The Rutgers chapter of the New Jersey Public Interest Research Group (NJPIRG) latest success has been their campaign to push the personal care company, Unilever, to disclose potentially harmful ingredients used in their products.
Unilever is the parent corporation of brands such as Dove, Axe and Vaseline.
The Rutgers chapter of the New Jersey Public Interest Research Group (NJPIRG) created a campaign to encourage Unilever to be transparent about their use of potentially harmful ingredients. Unilever is the umbrella organization behind Dove, Axe and Vaseline. | Photo by Ana Couto
April Nicklaus, a School of Environmental and Biological Sciences sophomore, is the chair of the Rutgers New Brunswick chapter of NJPIRG, and the secretary of NJPRIG's statewide executive board. She said that for this campaign, they joined a coalition of organizations mainly comprised of other states' public interest research groups, as well as the national U.S. PIRG.
“We don't just work on student issues,” Nicklaus said. “Students are students, but we're also human beings and citizens of the country. It's not just that we work on issues like textbooks. We also recognize that students care about things that are beyond the limits of our campus.”
Nicklaus said that previously, the list of ingredients on Unilever products was not comprehensive. Instead, the labels would list an item called “fragrance” that is itself a mix of unspecified chemicals.
Now, according to a press release from Unilever, comprehensive lists of product ingredients will be accessible through an online service called SmartLabel. Unilever's goal is to complete the SmartLabel updates by the end of 2018.
Products with SmartLabel have a Quick Response (QR) code on the package that can be scanned with any generic QR code reader in order to access the SmartLabel information. The information can also be accessed by searching for the product on the SmartLabel website.
“A lot of people are shocked at the lack of regulation for testing these chemicals or disclosing them to the consumer,” Nicklaus said. “A lot of chemicals that are frequently used as components of fragrance in personal care products are things that have been identified as carcinogens. The common thing that people may say is that there's not a lot of fragrance in the product, it's in very small amounts. But if you're putting on lotion every single day, maybe for your entire life, it adds up.”
In a press release, Dev Gowda, a U.S. PIRG toxics advocate, said that Unilever's efforts to make comprehensive ingredients lists available through the SmartLabel app are “a good first step,” but said that Unilever should provide full disclosure of ingredients on their products' packaging.
Even so, Gowda said, “This is a victory for consumer product transparency and a game changer for the personal care product industry. Other personal care manufacturers like Procter & Gamble and L’Oréal should follow Unilever’s lead and provide greater fragrance transparency.”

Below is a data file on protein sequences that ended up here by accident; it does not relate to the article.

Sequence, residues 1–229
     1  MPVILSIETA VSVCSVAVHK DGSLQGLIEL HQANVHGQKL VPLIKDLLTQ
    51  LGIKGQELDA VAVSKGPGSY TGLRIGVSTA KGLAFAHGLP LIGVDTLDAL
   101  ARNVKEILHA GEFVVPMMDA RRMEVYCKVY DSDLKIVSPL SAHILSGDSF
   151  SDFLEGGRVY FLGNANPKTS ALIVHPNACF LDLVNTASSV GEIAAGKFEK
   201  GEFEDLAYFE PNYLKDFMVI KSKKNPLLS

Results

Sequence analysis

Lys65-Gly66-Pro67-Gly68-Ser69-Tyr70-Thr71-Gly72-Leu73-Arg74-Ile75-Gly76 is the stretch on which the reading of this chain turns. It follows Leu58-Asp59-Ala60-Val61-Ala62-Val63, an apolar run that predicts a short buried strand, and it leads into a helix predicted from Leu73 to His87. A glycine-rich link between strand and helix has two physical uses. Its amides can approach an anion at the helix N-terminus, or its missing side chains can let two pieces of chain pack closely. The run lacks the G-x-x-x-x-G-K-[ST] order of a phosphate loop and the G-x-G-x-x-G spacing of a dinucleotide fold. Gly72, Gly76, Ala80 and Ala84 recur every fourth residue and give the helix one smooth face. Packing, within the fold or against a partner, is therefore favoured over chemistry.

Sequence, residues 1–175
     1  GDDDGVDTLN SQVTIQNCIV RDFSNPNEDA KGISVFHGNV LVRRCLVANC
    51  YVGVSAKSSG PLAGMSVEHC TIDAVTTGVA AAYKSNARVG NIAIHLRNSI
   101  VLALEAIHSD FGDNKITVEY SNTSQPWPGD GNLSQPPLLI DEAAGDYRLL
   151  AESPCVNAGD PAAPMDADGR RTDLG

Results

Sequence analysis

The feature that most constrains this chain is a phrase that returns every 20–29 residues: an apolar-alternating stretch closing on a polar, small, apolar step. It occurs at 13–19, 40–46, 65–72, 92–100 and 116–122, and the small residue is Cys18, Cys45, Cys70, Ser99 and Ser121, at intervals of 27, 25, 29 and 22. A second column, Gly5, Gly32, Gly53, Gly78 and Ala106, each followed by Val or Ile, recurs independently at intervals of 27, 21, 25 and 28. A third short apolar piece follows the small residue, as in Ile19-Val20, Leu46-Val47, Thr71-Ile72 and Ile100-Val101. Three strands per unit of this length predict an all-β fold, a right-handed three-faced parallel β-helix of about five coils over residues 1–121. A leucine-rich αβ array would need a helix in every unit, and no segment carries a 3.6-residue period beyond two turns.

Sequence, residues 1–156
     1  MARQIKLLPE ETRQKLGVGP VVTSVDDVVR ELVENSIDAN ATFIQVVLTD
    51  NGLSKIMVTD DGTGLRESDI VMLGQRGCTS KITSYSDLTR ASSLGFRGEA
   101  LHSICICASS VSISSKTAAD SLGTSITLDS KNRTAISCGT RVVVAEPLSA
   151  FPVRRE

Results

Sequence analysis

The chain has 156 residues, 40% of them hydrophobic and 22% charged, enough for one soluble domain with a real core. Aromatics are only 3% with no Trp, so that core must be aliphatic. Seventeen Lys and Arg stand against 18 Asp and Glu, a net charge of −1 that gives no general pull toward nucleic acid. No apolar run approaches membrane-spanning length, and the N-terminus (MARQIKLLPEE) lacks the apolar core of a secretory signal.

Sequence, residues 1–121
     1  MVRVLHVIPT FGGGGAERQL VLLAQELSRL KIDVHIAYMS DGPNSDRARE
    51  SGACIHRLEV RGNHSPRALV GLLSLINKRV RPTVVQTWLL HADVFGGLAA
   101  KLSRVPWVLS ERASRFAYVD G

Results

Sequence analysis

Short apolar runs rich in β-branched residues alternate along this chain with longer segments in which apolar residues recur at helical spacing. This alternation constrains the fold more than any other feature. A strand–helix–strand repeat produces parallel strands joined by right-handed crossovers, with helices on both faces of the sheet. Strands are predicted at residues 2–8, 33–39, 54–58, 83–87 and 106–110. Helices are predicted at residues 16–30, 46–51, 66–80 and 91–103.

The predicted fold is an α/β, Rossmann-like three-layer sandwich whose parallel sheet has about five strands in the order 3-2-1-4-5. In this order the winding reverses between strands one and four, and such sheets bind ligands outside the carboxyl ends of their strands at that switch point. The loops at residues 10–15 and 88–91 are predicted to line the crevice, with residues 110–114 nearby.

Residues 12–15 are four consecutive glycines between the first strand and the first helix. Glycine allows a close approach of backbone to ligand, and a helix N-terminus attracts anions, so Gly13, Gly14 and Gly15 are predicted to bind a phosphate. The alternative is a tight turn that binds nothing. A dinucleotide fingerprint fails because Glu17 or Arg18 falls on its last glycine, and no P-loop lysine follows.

Unilever was initially resistant to working with the coalition, Nicklaus said. But when NJPIRG threatened to bring 25,000 petitions from across the country to Unilever's headquarters in New Jersey, the company agreed to begin negotiations.
“A petition drop attracts a lot of attention from media outlets, and it makes them look bad,” Nicklaus said. “We're not trying to make them look bad. We just want them to do good things for the consumers.”
Nicklaus said that NJPIRG often campaigns for issues that have been neglected or ignored by the general public.
NJPIRG's other current campaigns include encouraging Rutgers to sign the American College and University Presidents Climate Change Commitment, which would get the University to use 100 percent renewable energy by 2050, the open and affordable textbooks campaign and a tire recycling campaign, for which they are working with Middlesex County officials to implement tire amnesty days so that people would not have to pay to recycle old tires, she said.
Nicklaus said NJPIRG chooses what issues to pursue based off of feedback from students. At the end of each semester, NJPIRG surveys students on what issues are important to them and what they would like the organization to work on.
“When we choose the campaigns that we work on, we don't just go based off of what's sexy,” Nicklaus said. “We analyze what problems are in the world. Do people know about them? Is this in the public interest? Is anyone else working on these things? What's our specific angle for this? I would like to encourage anyone who as an issue they feel passionate about and that they think would be in line with the mission of NJPIRG to reach out to us. We do listen.”
Maxwell Marcus is a School of Arts and Sciences senior. He is a contributing writer for The Daily Targum.